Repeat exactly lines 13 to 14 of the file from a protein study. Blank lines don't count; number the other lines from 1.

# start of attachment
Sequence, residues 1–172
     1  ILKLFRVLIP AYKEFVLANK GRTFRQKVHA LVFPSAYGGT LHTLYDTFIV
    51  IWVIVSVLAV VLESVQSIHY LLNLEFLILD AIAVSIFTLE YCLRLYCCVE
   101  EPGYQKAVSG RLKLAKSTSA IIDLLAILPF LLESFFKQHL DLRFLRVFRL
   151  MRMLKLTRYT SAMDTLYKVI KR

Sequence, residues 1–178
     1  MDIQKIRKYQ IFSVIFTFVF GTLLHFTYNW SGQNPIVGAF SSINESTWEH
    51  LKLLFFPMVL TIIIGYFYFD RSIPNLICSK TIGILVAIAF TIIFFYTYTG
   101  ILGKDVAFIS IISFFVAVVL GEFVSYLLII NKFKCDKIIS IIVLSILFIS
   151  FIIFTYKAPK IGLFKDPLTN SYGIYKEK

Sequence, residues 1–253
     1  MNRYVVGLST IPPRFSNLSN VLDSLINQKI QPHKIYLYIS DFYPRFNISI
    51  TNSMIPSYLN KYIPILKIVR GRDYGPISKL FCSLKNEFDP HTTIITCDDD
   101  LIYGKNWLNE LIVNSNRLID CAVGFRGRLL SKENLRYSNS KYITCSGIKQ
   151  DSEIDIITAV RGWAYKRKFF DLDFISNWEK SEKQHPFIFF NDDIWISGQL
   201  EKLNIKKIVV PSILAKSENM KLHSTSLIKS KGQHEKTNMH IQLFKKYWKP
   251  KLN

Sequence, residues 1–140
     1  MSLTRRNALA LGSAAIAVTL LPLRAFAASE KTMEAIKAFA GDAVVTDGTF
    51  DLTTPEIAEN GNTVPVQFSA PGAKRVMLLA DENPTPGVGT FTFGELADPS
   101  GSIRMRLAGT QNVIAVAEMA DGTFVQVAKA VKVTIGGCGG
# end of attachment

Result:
    51  TNSMIPSYLN KYIPILKIVR GRDYGPISKL FCSLKNEFDP HTTIITCDDD
   101  LIYGKNWLNE LIVNSNRLID CAVGFRGRLL SKENLRYSNS KYITCSGIKQ